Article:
Weekly Feature

2017-11-08 / Letters to the Editor

Suffrage battle had Illinois roots

I read David Sherman’s piece about the New York suffrage centennial, and feel moved to stand up for the claims of the great state of Illinois.

It is certainly accurate to say that New York was the first state east of the Mississippi in which women won “full” voting rights. But if the word “full” is left out, then the statement slights the accomplishments of the suffrage activists in Illinois.

In 1913, women waged and won a campaign to obtain partial voting rights in Illinois by legislative enactment. (In New York what happened in 1917 was a referendum to amend the state constitution.)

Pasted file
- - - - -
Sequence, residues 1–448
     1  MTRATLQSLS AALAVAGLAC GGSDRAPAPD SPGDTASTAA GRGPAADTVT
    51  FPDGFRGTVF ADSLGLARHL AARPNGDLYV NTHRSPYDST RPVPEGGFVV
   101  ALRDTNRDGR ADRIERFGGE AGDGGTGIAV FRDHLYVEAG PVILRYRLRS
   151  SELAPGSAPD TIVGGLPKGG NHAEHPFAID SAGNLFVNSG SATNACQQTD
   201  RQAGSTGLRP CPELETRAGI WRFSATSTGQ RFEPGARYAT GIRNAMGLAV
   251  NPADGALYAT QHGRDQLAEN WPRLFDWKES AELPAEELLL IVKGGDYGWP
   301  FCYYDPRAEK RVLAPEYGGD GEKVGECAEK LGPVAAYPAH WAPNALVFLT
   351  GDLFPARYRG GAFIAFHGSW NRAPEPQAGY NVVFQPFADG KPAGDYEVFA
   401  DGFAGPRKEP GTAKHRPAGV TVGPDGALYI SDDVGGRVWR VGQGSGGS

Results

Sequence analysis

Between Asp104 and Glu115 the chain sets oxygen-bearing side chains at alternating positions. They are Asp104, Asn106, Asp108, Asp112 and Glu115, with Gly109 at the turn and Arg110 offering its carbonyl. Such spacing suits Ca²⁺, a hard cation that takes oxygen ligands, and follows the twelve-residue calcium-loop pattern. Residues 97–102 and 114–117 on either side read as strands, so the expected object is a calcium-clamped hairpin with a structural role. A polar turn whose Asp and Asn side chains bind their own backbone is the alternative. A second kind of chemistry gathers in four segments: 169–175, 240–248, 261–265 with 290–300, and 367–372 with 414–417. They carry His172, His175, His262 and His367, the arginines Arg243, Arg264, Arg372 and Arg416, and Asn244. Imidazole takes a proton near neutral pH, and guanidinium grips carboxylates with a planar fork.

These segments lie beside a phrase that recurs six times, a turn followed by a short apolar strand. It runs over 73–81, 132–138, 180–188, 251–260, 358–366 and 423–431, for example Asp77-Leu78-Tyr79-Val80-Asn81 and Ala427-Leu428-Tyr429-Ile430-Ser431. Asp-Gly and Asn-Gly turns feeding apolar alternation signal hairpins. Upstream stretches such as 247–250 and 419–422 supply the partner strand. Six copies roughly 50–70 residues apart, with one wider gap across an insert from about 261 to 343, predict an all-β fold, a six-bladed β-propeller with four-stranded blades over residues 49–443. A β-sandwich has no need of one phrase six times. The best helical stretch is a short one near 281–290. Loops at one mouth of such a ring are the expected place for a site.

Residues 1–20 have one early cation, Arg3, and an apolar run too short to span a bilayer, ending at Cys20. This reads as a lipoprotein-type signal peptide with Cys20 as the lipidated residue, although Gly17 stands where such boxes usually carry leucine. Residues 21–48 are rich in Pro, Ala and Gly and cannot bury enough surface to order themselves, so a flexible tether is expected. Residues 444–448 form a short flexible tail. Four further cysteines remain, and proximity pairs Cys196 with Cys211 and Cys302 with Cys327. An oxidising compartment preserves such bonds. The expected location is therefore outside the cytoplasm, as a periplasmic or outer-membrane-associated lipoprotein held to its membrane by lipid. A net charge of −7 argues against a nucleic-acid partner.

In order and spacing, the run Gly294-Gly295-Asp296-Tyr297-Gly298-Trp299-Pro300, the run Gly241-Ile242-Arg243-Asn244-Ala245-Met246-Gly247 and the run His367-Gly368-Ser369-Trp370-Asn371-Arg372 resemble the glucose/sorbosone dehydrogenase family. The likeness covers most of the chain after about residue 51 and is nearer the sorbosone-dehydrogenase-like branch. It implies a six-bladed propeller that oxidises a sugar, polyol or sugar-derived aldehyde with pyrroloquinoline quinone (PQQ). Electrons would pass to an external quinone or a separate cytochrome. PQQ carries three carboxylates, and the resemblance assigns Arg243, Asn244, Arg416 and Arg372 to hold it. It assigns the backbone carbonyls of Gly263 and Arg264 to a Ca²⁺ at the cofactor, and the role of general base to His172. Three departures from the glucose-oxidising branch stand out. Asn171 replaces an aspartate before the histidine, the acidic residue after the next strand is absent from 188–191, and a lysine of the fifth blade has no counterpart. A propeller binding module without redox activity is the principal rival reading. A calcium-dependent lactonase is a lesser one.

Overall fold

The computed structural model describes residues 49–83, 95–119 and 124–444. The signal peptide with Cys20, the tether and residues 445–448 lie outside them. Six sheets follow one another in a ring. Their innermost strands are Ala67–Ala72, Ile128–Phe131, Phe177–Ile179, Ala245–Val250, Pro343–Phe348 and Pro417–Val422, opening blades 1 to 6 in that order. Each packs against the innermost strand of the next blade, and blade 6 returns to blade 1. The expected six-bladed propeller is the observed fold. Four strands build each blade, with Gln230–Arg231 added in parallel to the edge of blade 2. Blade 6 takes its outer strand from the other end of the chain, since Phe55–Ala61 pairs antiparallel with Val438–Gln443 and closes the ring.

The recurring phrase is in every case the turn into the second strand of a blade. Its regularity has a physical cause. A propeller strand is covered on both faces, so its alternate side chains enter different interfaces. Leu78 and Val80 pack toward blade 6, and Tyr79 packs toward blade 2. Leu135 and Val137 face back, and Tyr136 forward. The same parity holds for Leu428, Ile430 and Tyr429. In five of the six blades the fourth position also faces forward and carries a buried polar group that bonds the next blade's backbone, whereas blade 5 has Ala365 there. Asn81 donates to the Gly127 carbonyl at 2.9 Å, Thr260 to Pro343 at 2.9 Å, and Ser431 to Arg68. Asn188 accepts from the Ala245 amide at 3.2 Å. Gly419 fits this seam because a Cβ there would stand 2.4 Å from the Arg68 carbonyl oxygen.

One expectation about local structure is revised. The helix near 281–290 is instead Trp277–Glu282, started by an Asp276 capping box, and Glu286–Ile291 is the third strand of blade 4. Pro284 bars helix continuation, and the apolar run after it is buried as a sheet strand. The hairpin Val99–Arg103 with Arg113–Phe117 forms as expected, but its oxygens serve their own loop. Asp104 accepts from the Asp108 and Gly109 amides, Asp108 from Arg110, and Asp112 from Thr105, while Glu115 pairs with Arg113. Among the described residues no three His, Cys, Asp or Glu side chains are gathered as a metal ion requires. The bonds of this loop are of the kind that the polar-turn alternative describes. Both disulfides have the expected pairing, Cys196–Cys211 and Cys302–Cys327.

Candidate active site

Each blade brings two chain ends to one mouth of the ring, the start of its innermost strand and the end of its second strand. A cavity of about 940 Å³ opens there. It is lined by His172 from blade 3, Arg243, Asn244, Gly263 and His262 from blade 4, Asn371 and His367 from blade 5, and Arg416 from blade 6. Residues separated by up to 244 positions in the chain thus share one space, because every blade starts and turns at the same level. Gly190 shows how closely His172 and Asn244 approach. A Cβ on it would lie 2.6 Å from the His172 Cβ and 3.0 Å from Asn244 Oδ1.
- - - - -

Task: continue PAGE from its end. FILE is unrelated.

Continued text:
The rights won in Illinois in 1913 included the right to vote for presidential electors. In other words, the Illinois suffragists won the most important voting right that exists in the U.S. The 1913 victory was widely hailed as an east-of-the-Mississippi breakthrough. Within a few years activists had won similar campaigns in other states, so that by August 1920 women had full voting rights or at least presidential suffrage in almost 30 states (about one half of those were full-voting-rights states).

This is an important part of the larger picture about how the 19th Amendment fight was won.

I think, though, that it is also fair to say that the New York victory in 1917 was the single most significant win in the whole long battle in the U.S. It was also, up to the time of November 1917, the greatest victory suffragists had won anywhere in the world.

Nate Levin
Rye, New York

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